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I'm BACK! We LOVED New England! We had a fabulous Thanksgiving week in Boston & spent the days traveling around trying to see as many towns as possible. Went to Plymouth the day before Thanksgiving (thanks cohdane! we have decided that the turkey day feast is a must do next year!). I did research on the schools before we left, and even though we were set on living in a loft in Boston, we do not have $40-60k extra to spend a year sending our kids to private schools, so once we checked out Boston (which we LOVED!) we focused more outside of the city itself (based on the fact that I dont "get" the whole BPS system where you have to put in for the school but you might not get it - its not worth it to us to take that chance).

I will fill you in on our personal opinion/conclusions especially for 1size2smll's benefit - 1size2smll I have to add that I really think it is a MUST for you to go check out Boston if you are considering it....we considered moving last year and had we actually made the trip we would be living in the NE already!

Not considering Back Bay, South End & such (since we are pretty sure we are not going to focus in Boston anymore) we especially liked Newton, Cambridge & Wellesley... (and it is not because we are snobby[something about those places as told to my husband when he met with business associates while we were there] - I think it is just because they are more similar to places we are used to albeit with the addition of historical buildings).

I must say that all of our friends here in So.Cal that are from the NE told us how the people are rude, we wouldn't want to live there, the weather is too horrible, etc. and we found the people to be nicer in the NE than they are here in So. Cal. that said, there are nasty people everywhere you go, but we are no longer worried about the so called "rude" people of the NE Also, as far as the weather, it was a "brisk" (as the hotel described it) 26 degrees when we got there.... brisk my word, cold is more like it - cold indeed! We just dressed appropriately (read: coats, sweaters, boots, hats) and we were fine walking around the city....granted it wasn't snowing, but it squashed another fear of ours (i.e. hacking the drastic change in temp). I am just crossing my fingers that is doesn't get too much worse than that?!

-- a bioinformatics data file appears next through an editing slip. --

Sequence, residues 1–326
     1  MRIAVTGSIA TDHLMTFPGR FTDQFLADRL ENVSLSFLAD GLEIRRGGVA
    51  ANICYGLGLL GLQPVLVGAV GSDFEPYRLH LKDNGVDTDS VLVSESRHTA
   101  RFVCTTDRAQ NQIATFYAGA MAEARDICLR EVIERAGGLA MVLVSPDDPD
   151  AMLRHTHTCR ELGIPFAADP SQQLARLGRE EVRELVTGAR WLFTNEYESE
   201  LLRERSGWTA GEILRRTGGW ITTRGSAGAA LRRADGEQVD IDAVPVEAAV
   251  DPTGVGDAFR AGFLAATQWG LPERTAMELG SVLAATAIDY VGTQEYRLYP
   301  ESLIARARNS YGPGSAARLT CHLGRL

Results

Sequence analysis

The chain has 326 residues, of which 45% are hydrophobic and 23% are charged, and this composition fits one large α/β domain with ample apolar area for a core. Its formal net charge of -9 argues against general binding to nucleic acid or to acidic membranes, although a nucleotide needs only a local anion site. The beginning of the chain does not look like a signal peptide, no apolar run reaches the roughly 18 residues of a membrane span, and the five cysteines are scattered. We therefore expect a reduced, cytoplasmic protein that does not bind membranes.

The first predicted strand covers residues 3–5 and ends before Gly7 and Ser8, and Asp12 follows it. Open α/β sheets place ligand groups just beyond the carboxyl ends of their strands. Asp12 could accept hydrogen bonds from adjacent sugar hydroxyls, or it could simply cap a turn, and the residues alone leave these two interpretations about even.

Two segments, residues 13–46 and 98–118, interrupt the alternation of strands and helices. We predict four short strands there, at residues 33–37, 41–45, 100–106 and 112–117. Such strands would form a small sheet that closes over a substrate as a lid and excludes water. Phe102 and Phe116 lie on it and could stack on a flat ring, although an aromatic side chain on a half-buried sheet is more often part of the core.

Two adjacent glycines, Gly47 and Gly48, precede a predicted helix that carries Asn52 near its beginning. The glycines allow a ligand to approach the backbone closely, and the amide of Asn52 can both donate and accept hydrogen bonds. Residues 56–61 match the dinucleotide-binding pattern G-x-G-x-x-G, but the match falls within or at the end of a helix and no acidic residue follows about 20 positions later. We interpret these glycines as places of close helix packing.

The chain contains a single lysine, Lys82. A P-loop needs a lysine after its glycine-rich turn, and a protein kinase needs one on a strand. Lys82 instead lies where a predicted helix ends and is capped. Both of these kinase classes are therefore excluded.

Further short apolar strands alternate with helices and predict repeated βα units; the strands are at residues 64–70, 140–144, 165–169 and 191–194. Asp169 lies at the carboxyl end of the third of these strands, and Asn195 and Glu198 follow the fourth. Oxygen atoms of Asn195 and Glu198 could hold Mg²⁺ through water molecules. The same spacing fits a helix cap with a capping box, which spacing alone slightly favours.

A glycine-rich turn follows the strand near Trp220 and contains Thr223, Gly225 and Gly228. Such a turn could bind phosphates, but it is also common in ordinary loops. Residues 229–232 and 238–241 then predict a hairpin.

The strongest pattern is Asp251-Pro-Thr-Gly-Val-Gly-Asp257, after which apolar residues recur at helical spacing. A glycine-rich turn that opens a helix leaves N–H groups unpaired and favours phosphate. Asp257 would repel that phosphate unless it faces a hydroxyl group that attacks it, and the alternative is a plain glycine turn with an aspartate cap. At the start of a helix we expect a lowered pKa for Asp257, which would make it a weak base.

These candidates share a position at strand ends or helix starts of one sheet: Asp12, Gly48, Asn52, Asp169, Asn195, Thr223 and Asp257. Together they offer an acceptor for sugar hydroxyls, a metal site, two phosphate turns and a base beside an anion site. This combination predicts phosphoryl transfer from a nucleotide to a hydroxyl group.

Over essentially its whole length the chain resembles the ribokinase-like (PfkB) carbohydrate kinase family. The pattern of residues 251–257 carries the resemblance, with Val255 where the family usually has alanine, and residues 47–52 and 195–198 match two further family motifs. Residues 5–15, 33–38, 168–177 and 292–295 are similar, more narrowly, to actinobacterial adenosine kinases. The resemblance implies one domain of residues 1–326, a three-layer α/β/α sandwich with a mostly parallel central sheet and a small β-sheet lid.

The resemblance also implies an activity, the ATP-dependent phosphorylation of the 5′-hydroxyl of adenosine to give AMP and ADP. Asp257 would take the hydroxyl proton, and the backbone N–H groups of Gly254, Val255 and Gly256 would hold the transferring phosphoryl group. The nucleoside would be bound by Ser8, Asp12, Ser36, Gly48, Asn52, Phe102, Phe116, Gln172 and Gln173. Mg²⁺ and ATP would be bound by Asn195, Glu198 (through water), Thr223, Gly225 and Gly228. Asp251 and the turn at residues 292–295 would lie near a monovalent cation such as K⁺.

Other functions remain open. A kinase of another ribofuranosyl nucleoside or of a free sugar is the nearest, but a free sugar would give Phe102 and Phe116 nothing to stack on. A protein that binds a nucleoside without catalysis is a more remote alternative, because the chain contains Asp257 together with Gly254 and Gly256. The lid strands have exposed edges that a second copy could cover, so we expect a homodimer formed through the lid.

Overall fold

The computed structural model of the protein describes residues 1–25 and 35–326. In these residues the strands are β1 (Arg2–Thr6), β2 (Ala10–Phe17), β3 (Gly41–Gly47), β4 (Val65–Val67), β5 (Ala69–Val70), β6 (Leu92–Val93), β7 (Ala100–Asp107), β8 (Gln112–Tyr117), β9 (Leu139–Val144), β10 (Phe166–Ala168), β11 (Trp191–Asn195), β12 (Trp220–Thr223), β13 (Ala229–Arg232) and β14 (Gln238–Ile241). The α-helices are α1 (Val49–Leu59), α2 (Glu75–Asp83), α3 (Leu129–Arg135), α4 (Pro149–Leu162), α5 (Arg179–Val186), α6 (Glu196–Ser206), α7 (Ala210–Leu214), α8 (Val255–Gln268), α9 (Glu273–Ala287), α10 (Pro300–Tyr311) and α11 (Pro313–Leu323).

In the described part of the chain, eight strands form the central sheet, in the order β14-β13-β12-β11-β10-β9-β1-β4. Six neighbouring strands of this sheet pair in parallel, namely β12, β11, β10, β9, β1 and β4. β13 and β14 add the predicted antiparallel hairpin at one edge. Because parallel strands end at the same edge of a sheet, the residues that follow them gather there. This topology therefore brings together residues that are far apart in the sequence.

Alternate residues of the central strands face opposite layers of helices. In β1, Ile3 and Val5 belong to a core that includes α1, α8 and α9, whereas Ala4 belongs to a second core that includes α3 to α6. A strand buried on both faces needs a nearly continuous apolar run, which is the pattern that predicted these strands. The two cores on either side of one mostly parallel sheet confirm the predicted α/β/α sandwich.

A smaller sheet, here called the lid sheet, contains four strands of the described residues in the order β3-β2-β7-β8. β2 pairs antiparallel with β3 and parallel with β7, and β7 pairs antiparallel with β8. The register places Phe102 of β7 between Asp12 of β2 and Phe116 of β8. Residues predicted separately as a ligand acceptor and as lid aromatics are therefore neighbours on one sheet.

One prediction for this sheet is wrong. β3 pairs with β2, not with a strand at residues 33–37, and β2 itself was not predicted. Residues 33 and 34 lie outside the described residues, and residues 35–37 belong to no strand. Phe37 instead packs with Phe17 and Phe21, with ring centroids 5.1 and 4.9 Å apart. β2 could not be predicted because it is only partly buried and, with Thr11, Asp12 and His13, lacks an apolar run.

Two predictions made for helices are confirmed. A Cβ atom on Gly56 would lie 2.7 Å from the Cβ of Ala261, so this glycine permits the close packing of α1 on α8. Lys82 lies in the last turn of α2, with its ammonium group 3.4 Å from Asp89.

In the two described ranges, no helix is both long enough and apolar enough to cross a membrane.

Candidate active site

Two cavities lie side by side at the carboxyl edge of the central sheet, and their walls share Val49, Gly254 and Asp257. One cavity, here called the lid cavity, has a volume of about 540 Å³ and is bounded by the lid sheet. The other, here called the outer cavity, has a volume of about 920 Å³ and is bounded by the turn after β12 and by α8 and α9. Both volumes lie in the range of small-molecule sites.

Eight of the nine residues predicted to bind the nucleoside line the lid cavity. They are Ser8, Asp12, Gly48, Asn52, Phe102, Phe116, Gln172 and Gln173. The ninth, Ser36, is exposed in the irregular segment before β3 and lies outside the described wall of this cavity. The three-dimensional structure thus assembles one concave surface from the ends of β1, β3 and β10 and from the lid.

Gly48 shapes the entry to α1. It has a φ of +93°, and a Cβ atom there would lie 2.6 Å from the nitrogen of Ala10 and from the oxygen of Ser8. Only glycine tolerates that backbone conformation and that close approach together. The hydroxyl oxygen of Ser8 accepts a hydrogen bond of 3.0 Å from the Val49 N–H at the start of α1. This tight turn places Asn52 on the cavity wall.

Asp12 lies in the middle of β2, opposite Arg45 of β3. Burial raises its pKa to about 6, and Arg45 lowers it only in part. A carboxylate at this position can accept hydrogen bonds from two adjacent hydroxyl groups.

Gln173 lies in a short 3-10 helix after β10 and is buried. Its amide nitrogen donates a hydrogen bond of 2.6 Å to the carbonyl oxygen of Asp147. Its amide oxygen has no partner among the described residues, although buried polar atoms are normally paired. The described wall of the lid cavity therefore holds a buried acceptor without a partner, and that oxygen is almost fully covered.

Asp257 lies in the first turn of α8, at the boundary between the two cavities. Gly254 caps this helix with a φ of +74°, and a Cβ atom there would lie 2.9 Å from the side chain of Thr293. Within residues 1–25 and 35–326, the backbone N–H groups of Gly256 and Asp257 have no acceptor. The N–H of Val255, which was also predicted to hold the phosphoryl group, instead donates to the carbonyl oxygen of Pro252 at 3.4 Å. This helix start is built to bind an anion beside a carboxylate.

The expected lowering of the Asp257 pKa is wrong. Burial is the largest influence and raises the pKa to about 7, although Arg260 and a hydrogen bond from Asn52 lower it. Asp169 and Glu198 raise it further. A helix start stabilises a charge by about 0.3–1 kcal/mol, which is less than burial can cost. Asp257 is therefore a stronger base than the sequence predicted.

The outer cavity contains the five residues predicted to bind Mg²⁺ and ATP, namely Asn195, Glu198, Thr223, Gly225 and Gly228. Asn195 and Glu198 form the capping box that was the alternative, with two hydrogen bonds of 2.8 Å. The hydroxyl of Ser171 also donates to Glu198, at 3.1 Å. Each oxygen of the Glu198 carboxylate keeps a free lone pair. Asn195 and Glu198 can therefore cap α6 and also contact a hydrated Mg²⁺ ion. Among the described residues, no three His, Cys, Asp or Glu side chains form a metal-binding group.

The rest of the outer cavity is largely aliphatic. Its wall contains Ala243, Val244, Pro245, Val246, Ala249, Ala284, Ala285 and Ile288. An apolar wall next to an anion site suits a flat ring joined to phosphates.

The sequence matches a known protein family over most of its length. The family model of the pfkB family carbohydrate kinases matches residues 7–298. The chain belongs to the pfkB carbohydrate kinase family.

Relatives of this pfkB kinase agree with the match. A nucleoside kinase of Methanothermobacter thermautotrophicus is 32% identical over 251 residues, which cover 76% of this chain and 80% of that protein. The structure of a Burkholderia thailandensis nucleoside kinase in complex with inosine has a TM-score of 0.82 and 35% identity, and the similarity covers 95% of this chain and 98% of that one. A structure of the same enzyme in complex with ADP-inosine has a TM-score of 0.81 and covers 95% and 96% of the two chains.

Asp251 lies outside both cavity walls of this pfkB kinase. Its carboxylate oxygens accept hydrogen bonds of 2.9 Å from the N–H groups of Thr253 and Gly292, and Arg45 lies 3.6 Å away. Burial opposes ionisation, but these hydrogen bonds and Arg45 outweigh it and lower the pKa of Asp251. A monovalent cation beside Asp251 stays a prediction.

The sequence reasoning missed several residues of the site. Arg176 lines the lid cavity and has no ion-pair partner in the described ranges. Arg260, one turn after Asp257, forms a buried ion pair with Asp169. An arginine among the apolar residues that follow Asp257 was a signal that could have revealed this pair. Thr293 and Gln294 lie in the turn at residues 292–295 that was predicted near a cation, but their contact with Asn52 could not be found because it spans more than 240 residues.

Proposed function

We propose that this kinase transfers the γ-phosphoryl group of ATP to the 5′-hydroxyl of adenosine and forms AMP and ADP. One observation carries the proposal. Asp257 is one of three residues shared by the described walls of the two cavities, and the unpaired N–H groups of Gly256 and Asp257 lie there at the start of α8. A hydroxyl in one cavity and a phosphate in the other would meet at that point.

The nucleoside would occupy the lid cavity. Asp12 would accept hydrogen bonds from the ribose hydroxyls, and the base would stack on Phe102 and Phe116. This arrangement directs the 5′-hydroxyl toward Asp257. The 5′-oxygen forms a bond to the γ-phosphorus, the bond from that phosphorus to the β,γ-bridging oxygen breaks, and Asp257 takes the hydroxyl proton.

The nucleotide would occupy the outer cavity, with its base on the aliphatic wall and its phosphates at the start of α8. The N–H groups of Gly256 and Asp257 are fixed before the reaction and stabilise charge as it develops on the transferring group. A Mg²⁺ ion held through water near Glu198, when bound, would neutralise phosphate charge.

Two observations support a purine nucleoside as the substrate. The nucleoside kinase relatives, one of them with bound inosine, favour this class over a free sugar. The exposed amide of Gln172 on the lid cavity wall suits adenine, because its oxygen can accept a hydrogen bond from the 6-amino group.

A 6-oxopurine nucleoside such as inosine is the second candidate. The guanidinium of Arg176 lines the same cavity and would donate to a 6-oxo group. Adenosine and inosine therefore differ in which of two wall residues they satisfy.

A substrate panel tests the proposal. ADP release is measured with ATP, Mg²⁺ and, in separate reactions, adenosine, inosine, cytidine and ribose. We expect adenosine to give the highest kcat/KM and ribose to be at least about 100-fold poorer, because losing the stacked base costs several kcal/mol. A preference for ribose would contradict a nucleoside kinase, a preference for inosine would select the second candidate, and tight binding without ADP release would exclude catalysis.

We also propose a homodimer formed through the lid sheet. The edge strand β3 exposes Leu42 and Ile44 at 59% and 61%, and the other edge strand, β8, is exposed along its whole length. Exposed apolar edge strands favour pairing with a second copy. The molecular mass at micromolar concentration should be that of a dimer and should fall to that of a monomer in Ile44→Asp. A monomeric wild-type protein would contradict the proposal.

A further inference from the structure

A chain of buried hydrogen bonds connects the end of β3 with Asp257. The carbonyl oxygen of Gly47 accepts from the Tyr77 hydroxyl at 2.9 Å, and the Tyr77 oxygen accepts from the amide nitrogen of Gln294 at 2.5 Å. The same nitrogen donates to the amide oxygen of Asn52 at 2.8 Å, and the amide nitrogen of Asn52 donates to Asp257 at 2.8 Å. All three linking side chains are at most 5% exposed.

I have to say what the heck is up with the roads in the Boston area? Half the time (especially in Boston) we didn't know if it was one, two or three lanes as they were not marked and people seemed to drive where they pleased...not to mention we encountered people driving straight through intersections in a clearly marked left turn lane - it took some getting used to. Having lived in cities like San Francisco, Denver, Portland & Seattle I have to say the roads throughout Boston are a bit harder to navigate (not as much on a grid so to speak), but we can't hold it against Boston, it was established way before any of the cities we are used to driving in I also have to add that it was TERRIFYING to us (and mind you, we are used to LA traffic) to be cruising down the freeway and have people blow past us in the break down lane....in all the places we have lived I have to admit that is a new one for us! The yielding on the on ramp was a little frightening as well, if we slowed down to yield here when entering a freeway it would be grounds for a road rage shoot out! I no longer wonder why people think we are crazy drivers here in California.

Suffice to say we have narrowed down our choices, and I am not sure if they are appropriate for this Boston forum or the MA one in general but we are considering: Hingham, Scituate, Wellesley, Natick, possibly Cambridge & Newton. We also really enjoyed Portsmouth, NH (but obviously questions directed to that town belong in the NH forum).

We drove all the way up to Portland & made it to RI. It amused us that everyone we spoke to seemed to think we were crazy to stay in Boston & explore the other states from there. I have the feeling that living in California has skewed our idea of what is a "drivable" distance - we thought it was no big deal to spend a day checking out towns in New Hampshire on our way to Portland & every night we were back in Boston by 8 or 10.....Apparently people don't typically drive 100+ miles in a day there? We also had planned on making the drive to Northampton & Amherst (& didn't get out that way) but we didn't make it a priority because my husband really needs to be closer than that to an airport.

So, I know this post doesn't fully pertain to my original question, but I thought you might enjoy our experience because you helped make it a more focused one! Thanks again for your advice & if you want to add your opinion on the towns I mentioned (or add others for that matter) I would love to hear what you have to say! Thanks again!